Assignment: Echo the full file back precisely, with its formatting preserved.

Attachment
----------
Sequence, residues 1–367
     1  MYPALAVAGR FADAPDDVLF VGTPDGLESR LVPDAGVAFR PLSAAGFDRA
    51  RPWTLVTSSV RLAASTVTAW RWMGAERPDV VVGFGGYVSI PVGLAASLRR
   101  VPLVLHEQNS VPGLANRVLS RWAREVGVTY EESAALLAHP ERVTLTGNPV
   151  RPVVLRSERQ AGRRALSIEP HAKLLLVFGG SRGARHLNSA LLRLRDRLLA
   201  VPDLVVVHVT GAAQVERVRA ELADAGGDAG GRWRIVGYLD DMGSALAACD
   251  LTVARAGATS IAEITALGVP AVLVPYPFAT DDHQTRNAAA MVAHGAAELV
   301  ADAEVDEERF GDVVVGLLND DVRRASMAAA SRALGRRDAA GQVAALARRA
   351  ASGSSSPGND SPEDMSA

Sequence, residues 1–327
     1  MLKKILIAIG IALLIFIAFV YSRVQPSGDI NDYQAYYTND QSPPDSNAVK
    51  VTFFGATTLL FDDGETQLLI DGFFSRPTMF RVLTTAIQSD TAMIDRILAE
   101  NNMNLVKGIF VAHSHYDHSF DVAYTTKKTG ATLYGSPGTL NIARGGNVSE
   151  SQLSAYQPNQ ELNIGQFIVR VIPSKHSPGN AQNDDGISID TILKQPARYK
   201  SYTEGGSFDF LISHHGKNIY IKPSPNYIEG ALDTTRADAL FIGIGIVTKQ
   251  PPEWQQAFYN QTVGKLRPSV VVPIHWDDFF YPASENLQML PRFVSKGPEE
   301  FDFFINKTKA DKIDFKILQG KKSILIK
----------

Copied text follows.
Sequence, residues 1–367
     1  MYPALAVAGR FADAPDDVLF VGTPDGLESR LVPDAGVAFR PLSAAGFDRA
    51  RPWTLVTSSV RLAASTVTAW RWMGAERPDV VVGFGGYVSI PVGLAASLRR
   101  VPLVLHEQNS VPGLANRVLS RWAREVGVTY EESAALLAHP ERVTLTGNPV
   151  RPVVLRSERQ AGRRALSIEP HAKLLLVFGG SRGARHLNSA LLRLRDRLLA
   201  VPDLVVVHVT GAAQVERVRA ELADAGGDAG GRWRIVGYLD DMGSALAACD
   251  LTVARAGATS IAEITALGVP AVLVPYPFAT DDHQTRNAAA MVAHGAAELV
   301  ADAEVDEERF GDVVVGLLND DVRRASMAAA SRALGRRDAA GQVAALARRA
   351  ASGSSSPGND SPEDMSA

Sequence, residues 1–327
     1  MLKKILIAIG IALLIFIAFV YSRVQPSGDI NDYQAYYTND QSPPDSNAVK
    51  VTFFGATTLL FDDGETQLLI DGFFSRPTMF RVLTTAIQSD TAMIDRILAE
   101  NNMNLVKGIF VAHSHYDHSF DVAYTTKKTG ATLYGSPGTL NIARGGNVSE
   151  SQLSAYQPNQ ELNIGQFIVR VIPSKHSPGN AQNDDGISID TILKQPARYK
   201  SYTEGGSFDF LISHHGKNIY IKPSPNYIEG ALDTTRADAL FIGIGIVTKQ
   251  PPEWQQAFYN QTVGKLRPSV VVPIHWDDFF YPASENLQML PRFVSKGPEE
   301  FDFFINKTKA DKIDFKILQG KKSILIK